Wishing all of our team the very best of everything…. sunshine, breeze, some nice big waves, some luck and a lot of smiles and laughter.,

Sailors try SUP

7th Wave sailors go paddleboarding! A huge thank you to Michelle at Saltworks SUP Paddleboarding for running an awesome Water Skills Academy SUP Safety course here last night for our staff members and Jack from Ballakermeen High School who has been with us all week on Work Experience.

We learned a lot about SUP paddling, self rescue, rescuing others and falling in. It turns out that you can capsize a board, there is a SUP equivalent to the sailors “scoop in” method post capsize, towing is possible, there are no ropes to get in a tangle and the sea is warmer than expected!

Expert tuition from Michelle at Saltworks SUP Paddleboarding made the session informative and enjoyable, we would recommend Michelle to anyone looking to learn SUP. Pizzas from La Gusto Pizza rounded the evening off perfectly.

Meanwhile here at 7th Wave our instructing and safety boat team now have a vastly increased knowledge of SUP so we can help you to enjoy your hire experience with us even more.

Our next mission is to get Michelle into a sailing boat…..

Sail for Gold Regatta 2019

Last weekend was our annual Sail for Gold Port Erin Regatta 2019. It was a fantastic finish to the Race Academy weekend, with 10 boats and 13 young racers on the water. Sailing in Topper Vibes, Topaz, Taz, RS Tera sports and a Tera Pro!

The winds were light and shifty, which was advantageous for the vigilant racers among us and a great training experience for the less experienced, learning to make the most out of small breaths of breeze.

It was great to see new sailors joining for their first races alongside members of the Manx Youth Sailing Squad (MYSS) and even greater to see them pulling their weight to stay competitive during races! Among the fastest sailors were Ivan Nicholls, one the newest MYSS members sailing in his Tera Sport and one of our oldest squad members, Georgia Harding, sailing in her seemingly shrinking Tera Pro. Perhaps next year she’ll be in a bigger and faster boat to compete in!

All three races were on an windward-leeward course with a gate on the beat. The first race had a very slow upwind leg with very little breeze with everyone only completing one lap for the roughly 25 minute race which was won by Ivan!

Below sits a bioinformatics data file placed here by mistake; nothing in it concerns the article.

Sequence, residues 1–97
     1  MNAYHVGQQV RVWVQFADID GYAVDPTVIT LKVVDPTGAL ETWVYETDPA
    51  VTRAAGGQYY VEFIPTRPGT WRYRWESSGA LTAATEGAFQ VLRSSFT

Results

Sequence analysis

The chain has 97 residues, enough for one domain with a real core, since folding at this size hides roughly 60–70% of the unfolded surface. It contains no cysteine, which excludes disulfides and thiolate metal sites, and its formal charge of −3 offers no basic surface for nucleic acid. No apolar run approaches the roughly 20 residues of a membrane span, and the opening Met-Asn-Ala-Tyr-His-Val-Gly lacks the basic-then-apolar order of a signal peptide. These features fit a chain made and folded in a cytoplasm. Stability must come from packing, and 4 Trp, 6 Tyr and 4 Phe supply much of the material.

After the first race the wind shifted and started blowing into the bay again, allowing for a more competitive second race. Newcomer to 7th Wave, Ruari Cottier surprised the coaches on the water by leading the fleet for a good portion of the race and finishing second!

On the third and final race of the regatta the wind died once more unfortunately leading to a couple DNFs and a long tow back to the beach ready for the awards ceremony.

Overall results:
1st Ivan Nicholls: 4, 2, 2
2nd Georgia Harding: 6, 3, 1
Rory McLouglin: 2, 6, 3
Amelie Harding: 3, 5, 5
Ruari Cottier: 7,1, 6
James Gale: 5,4, 7
Roo Hyett: 8, 7, 4
Levi Baugh & Harry Morgan: 6, 9, DNF 
Declan McEntee & Matthew McEntee: 9, 8, DNF
Brandon Smith & Oliver Vanselouw: 10, 10, DNF

1st place Ivan Nicholls receives trophy from five times winner Ben Batchelor
Sailing is winning! Prizes for everyone 🙂

Thanks to Tim Chan for the race report

Dinghy Instructors 2019

Congratulations to this year’s RYA Dinghy Instructor course candidates. 100% success rate!

The team have enjoyed a challenging week, where in order to become Dinghy Instructors they have had to develop good communication strategies, think independently, been encouraged to make mistakes and to overcome hurdles where things haven’t gone to plan.

Five of the six candidates had all started their sailing careers at 7th Wave over the years. We love watching them grow into good sailors, instructors and young adults. We are super proud of them all!

Many thanks to RYA Coach Assessors Alan Jones and Geoff Stones for running another superb week for us here on the Isle of Man and congratulations to Georgie Quayle, Peter Harper, Edward McEntee, Benjamin Mehta, Charlie Whitbread and William Henthorn on your new qualifications!

#rya #sailingisliving #porterin #ryanorthwest